Let's say I am in a hostel's kitchen. And I need a knife, but there is only one knife and it is taken. The guy has just chopped up his vegetables and now he is just holding it. Is it natural and correct to use it when I want to know if someone is going to continue to use something. For example:

Excuse me! Are you going to use the knife anymore?

Is that something a native English speaker would say?

  • I would say "Have you finished with that knife please?" Feb 20, 2020 at 18:31
  • Could I also say "are you done with the knife"? Feb 20, 2020 at 19:11
  • Please see an answer posted. Feb 20, 2020 at 19:13
  • It sounds perfectly fine to me. (USA native)
    – Justin
    Feb 20, 2020 at 19:24
  • Anymore (one word) meaning 'any longer' is acceptable in US English, but likely to be considered an error in English outside the US. 'Anymore' (one word) meaning 'the slightest quantity more' e.g. 'I don't want anymore cake' is always wrong in all versions of English. It is safe, especially in formal writing, to always use 'any more' (two words) for both meanings. Feb 20, 2020 at 21:13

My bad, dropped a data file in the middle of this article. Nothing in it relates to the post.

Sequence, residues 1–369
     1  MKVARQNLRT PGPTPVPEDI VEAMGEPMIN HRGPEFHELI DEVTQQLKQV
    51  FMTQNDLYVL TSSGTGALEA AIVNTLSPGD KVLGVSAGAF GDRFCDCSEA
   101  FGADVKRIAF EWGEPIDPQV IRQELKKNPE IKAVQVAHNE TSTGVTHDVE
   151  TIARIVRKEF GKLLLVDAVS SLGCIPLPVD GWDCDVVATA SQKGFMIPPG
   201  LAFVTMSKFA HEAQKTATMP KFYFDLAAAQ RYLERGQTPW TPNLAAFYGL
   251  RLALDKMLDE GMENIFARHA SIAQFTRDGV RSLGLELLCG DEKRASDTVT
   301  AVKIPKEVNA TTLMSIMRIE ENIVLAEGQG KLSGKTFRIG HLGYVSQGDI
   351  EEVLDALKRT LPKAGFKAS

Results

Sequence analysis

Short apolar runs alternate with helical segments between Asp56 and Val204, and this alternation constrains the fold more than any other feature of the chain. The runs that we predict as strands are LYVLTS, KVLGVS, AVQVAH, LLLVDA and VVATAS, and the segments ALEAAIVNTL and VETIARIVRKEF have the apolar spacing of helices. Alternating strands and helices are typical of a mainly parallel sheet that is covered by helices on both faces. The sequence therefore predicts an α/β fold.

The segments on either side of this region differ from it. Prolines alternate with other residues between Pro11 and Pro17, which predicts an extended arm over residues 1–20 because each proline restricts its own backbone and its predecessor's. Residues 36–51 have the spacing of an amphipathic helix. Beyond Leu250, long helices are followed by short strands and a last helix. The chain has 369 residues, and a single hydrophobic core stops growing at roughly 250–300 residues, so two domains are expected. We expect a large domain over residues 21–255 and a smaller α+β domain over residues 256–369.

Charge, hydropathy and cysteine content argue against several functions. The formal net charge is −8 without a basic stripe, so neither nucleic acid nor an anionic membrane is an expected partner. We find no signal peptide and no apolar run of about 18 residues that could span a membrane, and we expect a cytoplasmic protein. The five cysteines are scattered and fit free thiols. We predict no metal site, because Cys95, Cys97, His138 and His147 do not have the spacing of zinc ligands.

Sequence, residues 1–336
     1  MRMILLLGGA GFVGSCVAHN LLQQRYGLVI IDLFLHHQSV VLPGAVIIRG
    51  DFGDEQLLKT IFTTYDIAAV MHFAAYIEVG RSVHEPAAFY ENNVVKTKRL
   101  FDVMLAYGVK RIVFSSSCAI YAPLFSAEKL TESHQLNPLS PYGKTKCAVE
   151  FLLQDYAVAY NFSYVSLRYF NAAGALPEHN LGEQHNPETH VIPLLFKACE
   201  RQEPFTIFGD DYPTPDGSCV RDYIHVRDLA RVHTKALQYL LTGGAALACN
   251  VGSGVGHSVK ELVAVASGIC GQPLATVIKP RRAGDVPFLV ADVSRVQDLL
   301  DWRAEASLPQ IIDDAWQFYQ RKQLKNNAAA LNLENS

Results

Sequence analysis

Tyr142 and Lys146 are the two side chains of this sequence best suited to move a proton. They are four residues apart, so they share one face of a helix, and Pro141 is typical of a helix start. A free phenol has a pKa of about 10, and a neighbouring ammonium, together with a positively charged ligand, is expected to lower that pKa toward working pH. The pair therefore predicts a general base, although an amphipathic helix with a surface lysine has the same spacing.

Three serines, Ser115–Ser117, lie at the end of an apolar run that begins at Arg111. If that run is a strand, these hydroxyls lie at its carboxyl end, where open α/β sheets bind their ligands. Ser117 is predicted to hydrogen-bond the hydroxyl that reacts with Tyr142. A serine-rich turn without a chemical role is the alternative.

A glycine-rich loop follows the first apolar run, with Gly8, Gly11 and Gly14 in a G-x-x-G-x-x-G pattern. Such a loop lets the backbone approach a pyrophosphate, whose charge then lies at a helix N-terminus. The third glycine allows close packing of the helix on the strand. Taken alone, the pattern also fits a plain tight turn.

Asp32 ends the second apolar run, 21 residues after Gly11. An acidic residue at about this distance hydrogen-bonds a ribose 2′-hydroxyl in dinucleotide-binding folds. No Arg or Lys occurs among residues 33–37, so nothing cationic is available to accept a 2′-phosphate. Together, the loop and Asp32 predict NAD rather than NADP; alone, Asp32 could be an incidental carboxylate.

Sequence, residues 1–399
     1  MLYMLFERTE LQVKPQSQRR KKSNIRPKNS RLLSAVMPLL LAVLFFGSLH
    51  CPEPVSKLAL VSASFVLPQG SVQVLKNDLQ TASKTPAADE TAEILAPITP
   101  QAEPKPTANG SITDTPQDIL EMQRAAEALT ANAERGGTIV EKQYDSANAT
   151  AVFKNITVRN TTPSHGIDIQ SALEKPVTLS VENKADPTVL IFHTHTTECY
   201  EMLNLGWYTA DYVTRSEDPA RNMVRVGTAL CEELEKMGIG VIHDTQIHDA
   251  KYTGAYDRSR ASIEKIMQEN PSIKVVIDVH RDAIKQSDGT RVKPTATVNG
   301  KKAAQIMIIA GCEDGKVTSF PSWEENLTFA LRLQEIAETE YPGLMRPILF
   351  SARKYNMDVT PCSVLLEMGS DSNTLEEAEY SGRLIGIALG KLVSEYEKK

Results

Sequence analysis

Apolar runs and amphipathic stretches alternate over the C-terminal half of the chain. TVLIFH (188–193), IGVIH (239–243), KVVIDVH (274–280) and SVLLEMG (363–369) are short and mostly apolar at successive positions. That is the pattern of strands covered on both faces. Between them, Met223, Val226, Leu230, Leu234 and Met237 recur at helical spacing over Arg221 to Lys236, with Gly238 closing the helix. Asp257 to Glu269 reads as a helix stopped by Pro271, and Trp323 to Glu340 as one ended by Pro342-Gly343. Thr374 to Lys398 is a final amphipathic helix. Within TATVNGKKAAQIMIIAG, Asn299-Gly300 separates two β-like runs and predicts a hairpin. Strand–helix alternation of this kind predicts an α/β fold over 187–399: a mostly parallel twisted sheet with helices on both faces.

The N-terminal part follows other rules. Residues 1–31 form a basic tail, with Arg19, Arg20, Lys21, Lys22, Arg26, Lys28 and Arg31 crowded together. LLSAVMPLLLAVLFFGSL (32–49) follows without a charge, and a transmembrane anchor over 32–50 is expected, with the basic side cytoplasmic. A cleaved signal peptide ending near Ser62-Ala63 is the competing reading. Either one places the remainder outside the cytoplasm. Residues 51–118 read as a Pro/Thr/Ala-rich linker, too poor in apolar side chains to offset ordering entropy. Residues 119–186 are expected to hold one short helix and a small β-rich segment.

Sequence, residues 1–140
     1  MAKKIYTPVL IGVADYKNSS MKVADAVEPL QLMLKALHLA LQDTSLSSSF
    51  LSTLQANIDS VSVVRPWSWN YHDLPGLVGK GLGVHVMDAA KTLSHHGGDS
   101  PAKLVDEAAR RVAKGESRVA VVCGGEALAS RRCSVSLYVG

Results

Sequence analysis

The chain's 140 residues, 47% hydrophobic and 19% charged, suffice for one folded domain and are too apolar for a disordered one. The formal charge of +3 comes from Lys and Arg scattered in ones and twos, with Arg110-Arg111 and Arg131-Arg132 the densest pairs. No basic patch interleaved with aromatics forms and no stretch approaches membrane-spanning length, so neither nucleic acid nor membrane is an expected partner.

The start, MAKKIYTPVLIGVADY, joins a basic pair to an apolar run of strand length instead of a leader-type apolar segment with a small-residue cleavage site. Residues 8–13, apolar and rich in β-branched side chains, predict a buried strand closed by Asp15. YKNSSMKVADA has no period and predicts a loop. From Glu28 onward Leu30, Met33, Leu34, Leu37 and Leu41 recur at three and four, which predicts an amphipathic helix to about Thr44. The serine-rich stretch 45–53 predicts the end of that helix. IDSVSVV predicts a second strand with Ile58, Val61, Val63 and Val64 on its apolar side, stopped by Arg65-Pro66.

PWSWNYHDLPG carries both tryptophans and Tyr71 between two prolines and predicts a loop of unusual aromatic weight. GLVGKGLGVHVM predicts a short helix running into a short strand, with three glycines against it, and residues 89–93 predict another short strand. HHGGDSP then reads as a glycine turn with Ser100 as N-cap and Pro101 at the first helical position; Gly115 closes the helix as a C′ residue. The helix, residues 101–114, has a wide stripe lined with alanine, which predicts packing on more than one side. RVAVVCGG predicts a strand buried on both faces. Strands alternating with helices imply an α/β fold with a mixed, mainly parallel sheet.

1 Answer 1


No, as Weather Vane suggests, it's not idiomatic.

Anymore or any more suggests at any future point.

What you want to know is whether the user will need the knife again in the immediate future.

So your requests might be better phrased as one of the following:

Do you still need (to use) the knife?
Are you still using the knife?
Do you still require the knife?
Have you finished/done with the knife?
Do you mind if I borrow the knife (for a few moments/minutes)?

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